If it is true that many early baleen whales also had teeth, these were probably used only peripherally, or perhaps not at all (again like Dall's porpoise, which catches squid and fish by gripping them against its hard upper jaw). Intense research has been carried out to sort out the evolution and phylogenetic history of mysticetes, but there is still much debate surrounding this issue. More work needs to be done to characterize extinct ancestral fossils so that future scientists will be able to piece together a more accurate phylogenetic tree.

Filter feeding

A whale's baleen plates play the most important role in its filter-feeding process. In order to feed, a baleen whale opens its mouth widely and scoops in dense shoals of prey (such as krill, copepods, small fish and sometimes birds that happen to be near the shoals), together with large volumes of water. It then partly shuts its mouth and presses its tongue against its upper jaw, forcing the water to pass out sideways through the baleen, thus sieving out the prey which it then swallows.

Human uses

Inupiat baleen basket, with an ivory handle, made by Kinguktuk (1871–1941) of Barrow, Alaska. Displayed at the Museum of Man, San Diego, California.

People formerly used baleen (usually referred to as "whalebone") for making numerous items where flexibility and strength were required, including backscratchers, collar stiffeners, buggy whips, parasol ribs and as corset stays. It was commonly used to crease paper; its flexibility kept it from damaging the paper. It was also occasionally used in cable-backed bows. Synthetic materials are now usually used for similar purposes, especially plastic and fibre glass. It is not to be confused with whale's bone meaning the bones of whales, used in carving, for cutlery handles and other uses for the bones of various large species.

As a habitat

Baleen serves as a habitat for some species from the gastropod families Pyropeltidae, Cocculinidae, Osteopeltidae and Neolepetopsidae.[6]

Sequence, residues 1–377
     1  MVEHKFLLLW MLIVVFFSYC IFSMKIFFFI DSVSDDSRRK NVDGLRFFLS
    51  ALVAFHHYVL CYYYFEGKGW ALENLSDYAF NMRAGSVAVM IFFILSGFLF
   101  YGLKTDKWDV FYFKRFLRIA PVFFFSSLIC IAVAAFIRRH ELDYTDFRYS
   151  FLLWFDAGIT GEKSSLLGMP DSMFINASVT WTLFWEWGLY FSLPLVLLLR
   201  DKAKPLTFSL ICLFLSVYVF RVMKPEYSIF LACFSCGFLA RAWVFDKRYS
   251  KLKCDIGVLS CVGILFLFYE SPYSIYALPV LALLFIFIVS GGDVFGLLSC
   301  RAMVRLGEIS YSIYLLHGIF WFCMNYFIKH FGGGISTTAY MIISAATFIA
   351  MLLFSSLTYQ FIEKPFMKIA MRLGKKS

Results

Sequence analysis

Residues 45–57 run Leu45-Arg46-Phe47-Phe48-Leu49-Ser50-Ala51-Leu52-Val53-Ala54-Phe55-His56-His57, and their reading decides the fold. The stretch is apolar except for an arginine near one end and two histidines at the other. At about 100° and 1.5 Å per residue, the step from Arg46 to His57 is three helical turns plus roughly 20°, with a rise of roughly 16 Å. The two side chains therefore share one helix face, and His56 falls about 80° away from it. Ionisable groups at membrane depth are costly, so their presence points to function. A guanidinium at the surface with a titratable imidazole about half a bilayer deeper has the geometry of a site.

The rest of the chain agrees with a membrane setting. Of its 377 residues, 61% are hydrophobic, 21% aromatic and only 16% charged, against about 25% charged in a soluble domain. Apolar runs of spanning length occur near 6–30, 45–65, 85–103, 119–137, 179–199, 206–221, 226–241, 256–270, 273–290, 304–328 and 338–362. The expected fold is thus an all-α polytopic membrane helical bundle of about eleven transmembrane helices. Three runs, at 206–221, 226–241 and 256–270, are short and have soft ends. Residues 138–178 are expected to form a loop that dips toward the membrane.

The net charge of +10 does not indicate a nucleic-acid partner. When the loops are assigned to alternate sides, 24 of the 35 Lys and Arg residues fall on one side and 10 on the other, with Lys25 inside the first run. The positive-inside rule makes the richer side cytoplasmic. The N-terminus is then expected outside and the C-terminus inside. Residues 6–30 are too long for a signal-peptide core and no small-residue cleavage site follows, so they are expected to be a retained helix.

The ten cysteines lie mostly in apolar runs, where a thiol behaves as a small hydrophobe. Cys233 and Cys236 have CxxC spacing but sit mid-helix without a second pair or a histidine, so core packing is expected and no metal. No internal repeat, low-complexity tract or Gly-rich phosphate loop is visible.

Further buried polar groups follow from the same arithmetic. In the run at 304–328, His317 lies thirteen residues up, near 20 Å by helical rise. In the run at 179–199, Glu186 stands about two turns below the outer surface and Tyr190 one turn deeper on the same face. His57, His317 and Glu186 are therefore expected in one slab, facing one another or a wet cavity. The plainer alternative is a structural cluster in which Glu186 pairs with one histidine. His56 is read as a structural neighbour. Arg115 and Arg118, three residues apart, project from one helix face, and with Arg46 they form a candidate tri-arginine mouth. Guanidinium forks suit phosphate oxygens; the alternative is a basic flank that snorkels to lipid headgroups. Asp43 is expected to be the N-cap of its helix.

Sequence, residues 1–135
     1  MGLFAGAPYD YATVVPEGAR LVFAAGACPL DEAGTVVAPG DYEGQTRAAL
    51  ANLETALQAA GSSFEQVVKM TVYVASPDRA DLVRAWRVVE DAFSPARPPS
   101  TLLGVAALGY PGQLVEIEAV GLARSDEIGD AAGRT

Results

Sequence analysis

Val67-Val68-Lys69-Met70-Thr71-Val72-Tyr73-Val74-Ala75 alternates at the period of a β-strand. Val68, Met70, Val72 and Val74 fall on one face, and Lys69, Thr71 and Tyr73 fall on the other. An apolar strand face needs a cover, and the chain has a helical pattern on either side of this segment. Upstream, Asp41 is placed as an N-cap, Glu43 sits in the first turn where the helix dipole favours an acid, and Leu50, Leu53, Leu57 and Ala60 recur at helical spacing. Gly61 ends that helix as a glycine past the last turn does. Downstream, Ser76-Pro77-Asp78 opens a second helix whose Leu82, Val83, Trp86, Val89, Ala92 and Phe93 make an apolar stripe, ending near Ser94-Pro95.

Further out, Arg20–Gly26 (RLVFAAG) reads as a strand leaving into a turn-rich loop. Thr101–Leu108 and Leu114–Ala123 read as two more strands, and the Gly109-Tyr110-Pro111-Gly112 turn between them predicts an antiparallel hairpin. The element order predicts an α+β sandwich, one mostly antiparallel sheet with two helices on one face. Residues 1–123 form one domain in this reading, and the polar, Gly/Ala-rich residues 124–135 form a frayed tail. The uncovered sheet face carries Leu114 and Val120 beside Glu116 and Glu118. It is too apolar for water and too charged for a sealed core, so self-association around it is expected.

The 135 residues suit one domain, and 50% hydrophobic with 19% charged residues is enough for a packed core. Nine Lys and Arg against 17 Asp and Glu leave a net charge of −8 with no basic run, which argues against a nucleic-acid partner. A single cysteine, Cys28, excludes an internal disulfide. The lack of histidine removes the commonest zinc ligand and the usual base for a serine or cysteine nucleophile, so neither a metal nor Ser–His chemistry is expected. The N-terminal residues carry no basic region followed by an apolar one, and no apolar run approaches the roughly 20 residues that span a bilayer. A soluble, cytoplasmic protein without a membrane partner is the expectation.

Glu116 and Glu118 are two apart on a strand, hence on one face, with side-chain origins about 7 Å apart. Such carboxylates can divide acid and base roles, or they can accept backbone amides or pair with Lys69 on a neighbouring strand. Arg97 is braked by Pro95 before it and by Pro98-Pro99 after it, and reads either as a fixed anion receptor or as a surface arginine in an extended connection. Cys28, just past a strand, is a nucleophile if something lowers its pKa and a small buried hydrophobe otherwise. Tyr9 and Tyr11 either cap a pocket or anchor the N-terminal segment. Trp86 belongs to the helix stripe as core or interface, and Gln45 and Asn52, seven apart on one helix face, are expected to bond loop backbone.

See also


  1. ^ Fudge, Douglas S.; Szewciw, Lawrence J.; Schwalb, Astrid N. (2009). "Morphology and Development of Blue Whale Baleen: An Annotated Translation of Tycho Tullberg's Classic 1883 Paper" (PDF). Aquatic Mammals 35 (2): 226–52.  
  2. ^ Szewciw, L. J.; De Kerckhove, D. G.; Grime, G. W.; Fudge, D. S. (2010). "Calcification provides mechanical reinforcement to whale baleen -keratin" (PDF). Proceedings of the Royal Society B: Biological Sciences 277 (1694): 2597–605.  
  3. ^ a b Deméré, Thomas; Michael R. McGowen; Annalisa Berta; John Gatesy (September 2007). "Morphological and Molecular Evidence for a Stepwise Evolutionary Transition from Teeth to Baleen in Mysticete Whales". Systematic Biology 57 (1): 15–37.  
  4. ^ Marx, Felix G. (19 February 2010). "Climate, critters and cetaceans: cenozoic drivers of the evolution of modern whales". Science 327: 993–996. 
  5. ^ Fitzgerald, Erich M.G. (15 August 2006). "A bizarre new toothed mysticete (Cetacea) from Australia and the early evolution of baleen whales". Proceedings of the Royal Society: Biological Sciences 273: 2961. 
  6. ^ McLean, James H. (2008). "Three New Species of the Family Neolepetopsidae (Patellogastropoda) from Hydrothermal Vents and Whale Falls in the Northeastern Pacific". Journal of Shellfish Research 27: 15–20.  

Further reading

  • St. Aubin, D. J.; Stinson, R. H.; Geraci, J. R. (1984). "Aspects of the structure and composition of baleen, and some effects of exposure to petroleum hydrocarbons". Canadian Journal of Zoology 62 (2): 193–8.  
  • Meredith, Robert W.; Gatesy, John; Cheng, Joyce; Springer, Mark S. (2010). ) in the common ancestor of extant baleen whales"MMP20"Pseudogenization of the tooth gene enamelysin (. Proceedings of the Royal Society B: Biological Sciences 278 (1708): 993–1002.